The tool is simply inserted into the lock and turned clockwise with medium tension. As the tool is pushed into the lock, each of the picks is slowly forced down until they stop, thus binding the driver pins behind the shear line of the lock. When the final pick is pushed down, the shear plane is clear and the lock opens. This can usually be accomplished in a matter of seconds.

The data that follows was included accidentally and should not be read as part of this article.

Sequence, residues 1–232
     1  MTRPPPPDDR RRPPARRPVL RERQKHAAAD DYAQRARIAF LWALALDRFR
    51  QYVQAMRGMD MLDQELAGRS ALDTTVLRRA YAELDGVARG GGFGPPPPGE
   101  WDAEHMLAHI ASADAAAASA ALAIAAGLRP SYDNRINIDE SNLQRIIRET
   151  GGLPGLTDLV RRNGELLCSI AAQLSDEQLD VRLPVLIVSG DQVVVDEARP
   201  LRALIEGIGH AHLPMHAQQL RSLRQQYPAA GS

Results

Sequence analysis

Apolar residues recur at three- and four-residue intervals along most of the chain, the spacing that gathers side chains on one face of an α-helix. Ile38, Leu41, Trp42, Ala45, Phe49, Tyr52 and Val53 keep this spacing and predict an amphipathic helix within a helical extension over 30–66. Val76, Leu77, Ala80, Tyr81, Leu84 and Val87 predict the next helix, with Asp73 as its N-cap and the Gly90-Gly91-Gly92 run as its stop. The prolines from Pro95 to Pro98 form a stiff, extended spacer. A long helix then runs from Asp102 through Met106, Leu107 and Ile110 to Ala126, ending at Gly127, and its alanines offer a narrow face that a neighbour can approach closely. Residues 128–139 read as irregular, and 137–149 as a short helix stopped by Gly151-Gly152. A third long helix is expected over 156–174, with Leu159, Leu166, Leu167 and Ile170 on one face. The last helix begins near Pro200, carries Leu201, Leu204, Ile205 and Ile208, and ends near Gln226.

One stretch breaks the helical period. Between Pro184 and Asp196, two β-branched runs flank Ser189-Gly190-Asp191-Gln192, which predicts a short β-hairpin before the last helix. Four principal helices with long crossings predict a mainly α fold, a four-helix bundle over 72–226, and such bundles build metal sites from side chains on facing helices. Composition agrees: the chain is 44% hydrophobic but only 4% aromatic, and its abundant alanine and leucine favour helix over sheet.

Most tubular lock picks come with a "decoder" which lets the locksmith know at what depths the pins broke the shear plane. By using the decoding key after the lock has been picked, the locksmith can cut a tubular key to the correct pin depths and thus avoid having to replace the lock.
In 2004 it was widely publicized that the barrel of a cheap ballpoint pen would act as an effective lock pick for many brands of tubular lock.